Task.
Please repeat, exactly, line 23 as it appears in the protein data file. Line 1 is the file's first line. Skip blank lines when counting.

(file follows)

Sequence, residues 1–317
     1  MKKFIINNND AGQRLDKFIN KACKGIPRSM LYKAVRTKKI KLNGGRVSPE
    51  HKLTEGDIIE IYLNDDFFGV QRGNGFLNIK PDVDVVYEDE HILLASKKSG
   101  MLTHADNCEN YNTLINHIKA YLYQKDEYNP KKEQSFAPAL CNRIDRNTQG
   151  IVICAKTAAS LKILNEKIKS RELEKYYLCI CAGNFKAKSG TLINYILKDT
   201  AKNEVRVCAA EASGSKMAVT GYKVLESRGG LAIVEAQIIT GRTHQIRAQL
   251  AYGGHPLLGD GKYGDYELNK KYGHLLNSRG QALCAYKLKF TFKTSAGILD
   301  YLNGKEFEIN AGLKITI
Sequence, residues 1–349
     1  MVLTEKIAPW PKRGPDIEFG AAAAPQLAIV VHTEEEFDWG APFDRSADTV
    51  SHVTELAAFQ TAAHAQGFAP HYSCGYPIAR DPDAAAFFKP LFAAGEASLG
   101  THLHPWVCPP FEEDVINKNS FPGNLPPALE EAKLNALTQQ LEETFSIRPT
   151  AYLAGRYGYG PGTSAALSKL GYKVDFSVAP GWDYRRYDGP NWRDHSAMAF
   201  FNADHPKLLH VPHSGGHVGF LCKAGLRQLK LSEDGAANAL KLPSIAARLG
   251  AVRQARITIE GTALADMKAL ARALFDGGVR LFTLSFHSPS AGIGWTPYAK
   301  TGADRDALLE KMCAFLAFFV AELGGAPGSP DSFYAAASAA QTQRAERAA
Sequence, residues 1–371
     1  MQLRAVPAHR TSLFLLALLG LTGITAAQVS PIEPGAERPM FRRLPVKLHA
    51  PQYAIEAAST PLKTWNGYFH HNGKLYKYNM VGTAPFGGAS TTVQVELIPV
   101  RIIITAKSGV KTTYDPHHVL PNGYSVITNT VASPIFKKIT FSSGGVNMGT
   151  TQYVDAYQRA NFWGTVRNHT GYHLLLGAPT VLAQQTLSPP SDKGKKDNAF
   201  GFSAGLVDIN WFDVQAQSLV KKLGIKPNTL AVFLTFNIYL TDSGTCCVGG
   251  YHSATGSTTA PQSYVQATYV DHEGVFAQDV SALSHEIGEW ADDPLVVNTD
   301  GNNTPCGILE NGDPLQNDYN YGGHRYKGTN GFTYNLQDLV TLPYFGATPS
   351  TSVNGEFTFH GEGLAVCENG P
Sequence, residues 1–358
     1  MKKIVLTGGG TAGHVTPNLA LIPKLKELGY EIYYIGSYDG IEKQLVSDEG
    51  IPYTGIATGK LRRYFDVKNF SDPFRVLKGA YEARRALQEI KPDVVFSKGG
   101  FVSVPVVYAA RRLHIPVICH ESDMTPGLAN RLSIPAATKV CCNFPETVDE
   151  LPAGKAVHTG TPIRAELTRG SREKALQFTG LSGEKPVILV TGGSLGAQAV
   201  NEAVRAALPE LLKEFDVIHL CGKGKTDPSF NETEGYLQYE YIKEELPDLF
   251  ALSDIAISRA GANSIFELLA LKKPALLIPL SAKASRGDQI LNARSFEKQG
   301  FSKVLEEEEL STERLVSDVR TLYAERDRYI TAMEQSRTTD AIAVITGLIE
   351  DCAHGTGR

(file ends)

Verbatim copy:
   251  YHSATGSTTA PQSYVQATYV DHEGVFAQDV SALSHEIGEW ADDPLVVNTD